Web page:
Investors were were evaluated on the basis of several factors, including financial strength, asset management experience, property management expertise and experience in the geographic area..

Even with big investors entering the space however, the housing problem remains outsized: Nearly 650,000 REO properties sit on the books of the nation’s banks and 710,000 more are pushing through the foreclosure process, according to RealtyTrac. Still, the entry of institutional and private investors into the housing space does raise several promising notions: a higher professionalism in the management and operation of the assets; a portfolio strategy that can raise the value of more challenged assets; and ultimately a way for renters to re-enter the home ownership by saving and re-building their equity while they rent. Could it be that Keynes and Hayek are both right?

Fannie Mae Asks Uncle Sam For More Money

Wednesday, March 21st, 2012

In an attempt to dig itself out of a deepening hole, Fannie Mae has requested $4.6 billion in additional federal aid. “We think that we have reserved for and recognized substantially all of the credit losses associated with the legacy book,” Chief Financial Officer Susan McFarland said.  “We’re very focused on returning to profitability so we don’t have to draw (from Treasury) to cover operating losses.”

Although the nation’s banks seem to be recovering nicely, the same cannot be said for mortgage giants Fannie Mae and Freddie Mac.  Writing in Forbes, Steve Schaefer notes that “The mortgage finance giants have taken on a greater share of supporting the U.S. housing market as private players pared back their exposure in recent years, and the result has been billions of losses on the taxpayer dime.  Fannie Mae reported booking a $16.9 billion 2011 loss capped off by the loss of $2.4 billion in the 4th quarter.  Fannie Mae’s losses are still coming largely from its legacy book of business (from before 2009), which led to $5.5 billion in credit-related expenses tied to declining home prices.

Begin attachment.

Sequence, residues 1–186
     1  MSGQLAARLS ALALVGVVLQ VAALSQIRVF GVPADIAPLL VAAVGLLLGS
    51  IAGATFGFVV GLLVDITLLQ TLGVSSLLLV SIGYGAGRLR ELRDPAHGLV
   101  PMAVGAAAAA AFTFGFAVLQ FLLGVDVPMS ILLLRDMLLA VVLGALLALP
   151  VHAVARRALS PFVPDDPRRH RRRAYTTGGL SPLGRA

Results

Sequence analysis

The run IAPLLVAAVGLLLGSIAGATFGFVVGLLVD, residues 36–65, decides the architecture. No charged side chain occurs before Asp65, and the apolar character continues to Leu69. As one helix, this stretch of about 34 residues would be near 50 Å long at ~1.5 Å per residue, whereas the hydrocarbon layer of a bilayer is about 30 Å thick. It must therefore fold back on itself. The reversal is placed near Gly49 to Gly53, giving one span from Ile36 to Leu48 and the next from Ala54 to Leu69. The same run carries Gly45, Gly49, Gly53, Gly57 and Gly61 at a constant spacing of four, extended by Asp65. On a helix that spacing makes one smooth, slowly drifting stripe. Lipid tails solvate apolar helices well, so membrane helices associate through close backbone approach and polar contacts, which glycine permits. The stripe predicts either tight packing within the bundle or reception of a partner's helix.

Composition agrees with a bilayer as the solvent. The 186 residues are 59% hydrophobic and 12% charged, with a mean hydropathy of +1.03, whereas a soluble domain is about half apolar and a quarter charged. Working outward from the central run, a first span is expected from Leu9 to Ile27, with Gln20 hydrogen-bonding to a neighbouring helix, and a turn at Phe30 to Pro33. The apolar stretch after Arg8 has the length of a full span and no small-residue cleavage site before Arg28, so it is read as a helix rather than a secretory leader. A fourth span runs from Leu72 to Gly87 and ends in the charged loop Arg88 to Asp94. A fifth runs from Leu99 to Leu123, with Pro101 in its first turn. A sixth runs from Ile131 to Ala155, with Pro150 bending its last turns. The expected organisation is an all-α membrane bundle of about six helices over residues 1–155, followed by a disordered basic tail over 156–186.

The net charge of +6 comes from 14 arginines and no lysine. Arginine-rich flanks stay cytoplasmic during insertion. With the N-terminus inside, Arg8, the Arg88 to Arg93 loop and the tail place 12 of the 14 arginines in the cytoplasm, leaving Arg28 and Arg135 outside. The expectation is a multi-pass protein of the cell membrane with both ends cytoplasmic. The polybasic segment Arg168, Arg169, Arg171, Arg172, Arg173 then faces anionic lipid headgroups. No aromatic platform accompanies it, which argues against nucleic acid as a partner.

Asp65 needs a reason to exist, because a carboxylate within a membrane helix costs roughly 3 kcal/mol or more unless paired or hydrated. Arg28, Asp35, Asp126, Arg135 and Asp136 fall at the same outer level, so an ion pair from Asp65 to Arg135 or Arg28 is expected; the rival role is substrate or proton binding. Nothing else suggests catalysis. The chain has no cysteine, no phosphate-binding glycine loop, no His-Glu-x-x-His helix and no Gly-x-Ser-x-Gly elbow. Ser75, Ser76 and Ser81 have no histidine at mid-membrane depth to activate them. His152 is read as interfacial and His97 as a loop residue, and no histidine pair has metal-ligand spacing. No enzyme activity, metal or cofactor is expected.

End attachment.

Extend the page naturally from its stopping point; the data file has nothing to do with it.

“The black holes of Fannie and Freddie – Fannie’s Q4 report shows it has requested to draw $116.2 billion since being placed under conservatorship Sept. 6, 2008 while paying back $19.9 billion in preferred stock dividends – are the biggest black eyes of the 2008 bailouts.  Plenty of critics of the Troubled Asset Relief Program (TARP) have made their voices heard over the years, but at least most of the banks that received TARP injections – the biggest of which went to Bank of America and Citigroup – have paid back the government’s loans and are back to making profits, if modest ones. Even American Intl Group and the automakers  that received bailouts – General Motors and Chrysler – have moved beyond needing additional government dollars.  Fannie and Freddie, on the other hand, show few signs of becoming anything resembling productive companies until the housing market turns around or the pre-2009 assets are completely wiped off the books or new policies are necessary to encourage new refinancing beyond those currently in place that have had limited impact.”